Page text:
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Inside the BBC’s Incredible Interactive WWI Museum

Your dad just ran out of reasons to avoid the internet.

The BBC has introduced iWonder, a digital content platform that offers interactive World War I guides. And. It. Is. Super. Cool.

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Launched in early January, the new BBC site is as comprehensive and curated as any three-dimensional museum, chock-full of content covering all aspects of WWI. iWonder invites visitors to listen, view, read, thumb through and wander, which turns out to be such an enjoyable way to meander through a site that, an hour or so in, you hardly realize how much time you’ve spent learning. Mission accomplished, BBC.

Unlocking learning potential

“Over the last 15 years, BBC Online has produced some really fantastic factual and educational content,” said BBC Knowledge & Learning Executive Editor Chris Sizemore in an interview with Journalism.co.uk. “And so we identified an opportunity that would play to the strengths of that.”

Sizemore went on to explain the site was created in part to “unlock the learning potential” of the BBC’s deep archive of information. Rather than simply throwing up columns of longform text, iWonder’s content features 17 multimedia “guides” crafted with the education of inquisitive, lifelong-students in mind.

“The guides are not designed to be news, they’re designed to deliver reflection,” Sizemore said. “And that’s why they’re led by a question. You think twice about something, or maybe you think twice about yourself.”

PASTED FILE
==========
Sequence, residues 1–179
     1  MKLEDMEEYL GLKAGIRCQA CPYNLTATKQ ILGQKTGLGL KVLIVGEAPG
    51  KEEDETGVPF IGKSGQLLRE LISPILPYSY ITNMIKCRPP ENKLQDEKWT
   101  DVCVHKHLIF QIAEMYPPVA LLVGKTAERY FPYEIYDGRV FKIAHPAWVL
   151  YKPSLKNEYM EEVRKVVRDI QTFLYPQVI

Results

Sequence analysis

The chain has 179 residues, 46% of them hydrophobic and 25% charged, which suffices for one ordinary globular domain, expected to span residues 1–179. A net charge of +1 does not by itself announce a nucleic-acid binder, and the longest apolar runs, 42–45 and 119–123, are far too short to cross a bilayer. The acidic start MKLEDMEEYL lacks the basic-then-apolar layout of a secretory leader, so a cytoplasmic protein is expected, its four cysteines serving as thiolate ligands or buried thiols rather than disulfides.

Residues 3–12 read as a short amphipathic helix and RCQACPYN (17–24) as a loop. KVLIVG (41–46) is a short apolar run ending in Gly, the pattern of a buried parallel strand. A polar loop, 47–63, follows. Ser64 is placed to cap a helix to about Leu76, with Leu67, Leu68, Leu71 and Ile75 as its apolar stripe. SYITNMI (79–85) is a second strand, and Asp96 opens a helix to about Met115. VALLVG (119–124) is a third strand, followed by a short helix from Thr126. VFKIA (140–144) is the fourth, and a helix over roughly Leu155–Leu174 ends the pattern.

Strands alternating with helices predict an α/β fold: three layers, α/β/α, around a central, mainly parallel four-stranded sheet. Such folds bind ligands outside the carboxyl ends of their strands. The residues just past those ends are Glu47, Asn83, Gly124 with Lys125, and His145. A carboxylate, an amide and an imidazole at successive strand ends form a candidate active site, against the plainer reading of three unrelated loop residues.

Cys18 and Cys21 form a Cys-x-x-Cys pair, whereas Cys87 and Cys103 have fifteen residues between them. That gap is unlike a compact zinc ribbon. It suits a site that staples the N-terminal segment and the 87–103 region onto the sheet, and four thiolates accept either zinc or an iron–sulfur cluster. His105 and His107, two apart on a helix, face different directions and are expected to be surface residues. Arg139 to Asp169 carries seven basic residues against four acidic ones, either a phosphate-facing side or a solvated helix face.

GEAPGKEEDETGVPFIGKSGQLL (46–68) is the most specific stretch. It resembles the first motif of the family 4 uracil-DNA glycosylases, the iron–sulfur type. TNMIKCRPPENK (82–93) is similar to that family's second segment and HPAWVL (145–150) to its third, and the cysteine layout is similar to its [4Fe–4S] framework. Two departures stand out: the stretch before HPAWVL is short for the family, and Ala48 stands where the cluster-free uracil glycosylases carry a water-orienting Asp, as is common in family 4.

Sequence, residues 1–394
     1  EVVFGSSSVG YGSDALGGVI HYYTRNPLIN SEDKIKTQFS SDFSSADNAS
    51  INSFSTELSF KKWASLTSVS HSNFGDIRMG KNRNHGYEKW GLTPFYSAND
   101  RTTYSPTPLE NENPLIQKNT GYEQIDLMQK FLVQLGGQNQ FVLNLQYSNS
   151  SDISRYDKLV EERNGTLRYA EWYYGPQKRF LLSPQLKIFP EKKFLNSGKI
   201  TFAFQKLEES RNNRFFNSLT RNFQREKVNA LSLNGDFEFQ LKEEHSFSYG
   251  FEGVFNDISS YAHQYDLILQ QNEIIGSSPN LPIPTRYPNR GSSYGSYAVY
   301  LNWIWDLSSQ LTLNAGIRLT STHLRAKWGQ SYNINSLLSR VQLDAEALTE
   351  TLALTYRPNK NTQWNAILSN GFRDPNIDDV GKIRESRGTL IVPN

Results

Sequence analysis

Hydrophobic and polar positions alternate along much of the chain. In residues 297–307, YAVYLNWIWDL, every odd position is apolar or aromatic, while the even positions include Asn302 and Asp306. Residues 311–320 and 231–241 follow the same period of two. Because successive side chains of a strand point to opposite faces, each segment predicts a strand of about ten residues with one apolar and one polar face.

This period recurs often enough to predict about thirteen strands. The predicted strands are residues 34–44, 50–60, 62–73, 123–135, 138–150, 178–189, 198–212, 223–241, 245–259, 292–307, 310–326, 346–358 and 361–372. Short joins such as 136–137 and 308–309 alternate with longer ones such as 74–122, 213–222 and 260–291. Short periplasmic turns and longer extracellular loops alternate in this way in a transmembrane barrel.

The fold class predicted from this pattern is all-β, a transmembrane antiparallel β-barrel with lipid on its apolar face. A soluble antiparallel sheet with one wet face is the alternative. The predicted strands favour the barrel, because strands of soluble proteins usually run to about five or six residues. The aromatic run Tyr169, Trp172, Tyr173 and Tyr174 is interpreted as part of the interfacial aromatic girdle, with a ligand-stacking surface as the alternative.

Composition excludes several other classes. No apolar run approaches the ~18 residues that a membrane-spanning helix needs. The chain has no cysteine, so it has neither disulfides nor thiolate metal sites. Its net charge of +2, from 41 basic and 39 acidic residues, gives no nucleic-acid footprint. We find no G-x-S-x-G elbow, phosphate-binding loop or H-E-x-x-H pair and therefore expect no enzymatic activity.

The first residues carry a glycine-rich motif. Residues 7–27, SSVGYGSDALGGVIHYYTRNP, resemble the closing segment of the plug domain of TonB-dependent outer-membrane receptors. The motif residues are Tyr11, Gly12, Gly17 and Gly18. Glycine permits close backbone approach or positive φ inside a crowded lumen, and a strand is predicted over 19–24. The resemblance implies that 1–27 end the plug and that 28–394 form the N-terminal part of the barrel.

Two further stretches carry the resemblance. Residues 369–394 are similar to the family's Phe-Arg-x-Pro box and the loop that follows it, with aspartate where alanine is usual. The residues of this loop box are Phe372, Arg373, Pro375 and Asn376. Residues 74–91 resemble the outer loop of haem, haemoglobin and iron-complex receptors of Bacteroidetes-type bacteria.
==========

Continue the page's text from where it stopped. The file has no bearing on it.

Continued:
One guide, for example, challenges the belief that a majority of WWI soldiers died in the trenches. An eight-step guide including videos, a photographic timeline, digital map and interactive exercise proves that, in fact, 88 percent of British soldiers survived the trenches. The digital exhibit even gives visitors a feeling for what the experience was actually like for the soldiers.

soldiers firing line

Going deep

Anything the BBC creates is expected to be finely-crafted and historically accurate, but what makes iWonder so unique is its depth. Each guide dives deep with seven or eight easily digestible pieces of material, engaging visitors much more than any article or single piece of content ever could.

Econsultancy recently rated the site high in terms of consistency, responsiveness, dynamics, accessibility, format richness and explorability, calling it, “a powerful tool for schoolchildren or older autodidacts.”

Besides the guides themselves, the site includes more traditional, yet equally fascinating content, including audio galleries of narrated soldiers’ letters and the 1914 Wonderground Underground map, a satirical piece of art that saved the London Underground during the war. With so many stories contributing to complex exhibits, wandering through them all would take, well, about the same time it would to wander through any museum. Only, now you can do it from your couch instead of weaving through packs of hyper school children.

Making connections

While iWonder covers events dating back to 1914, it is undoubtedly presented for a 2014 audience. A clear effort was made to link the past to contemporary culture, most notably in the music-themed guide, “How did Pack Up Your Troubles become the viral hit of WWI?” hosted by a hipster-esque musician.

And in addition to relating WWI-era Britain to the present day, the site also connects visitors to BBC’s other media. Much of the enticing sidebar content on iWonder directs back to BBC’s main sites, such as BBC News Magazine and BBC Radio, a subtle strategy sure to drive traffic.

“I think the promise in the future is that the tendrils of iWonder can reach out to the rest of the BBC online estate,” Sizemore added, “and offer people some ‘iWonderousness’ wherever they are.”

WWI is just the beginning. More iWonder guides are planned for 2014, covering topics like science, natural history, the arts, religion, and ethics. Nerds, history buffs, anglophiles and dads, get ready for more museums to come right to your doorstep.

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Image by State Library Queensland
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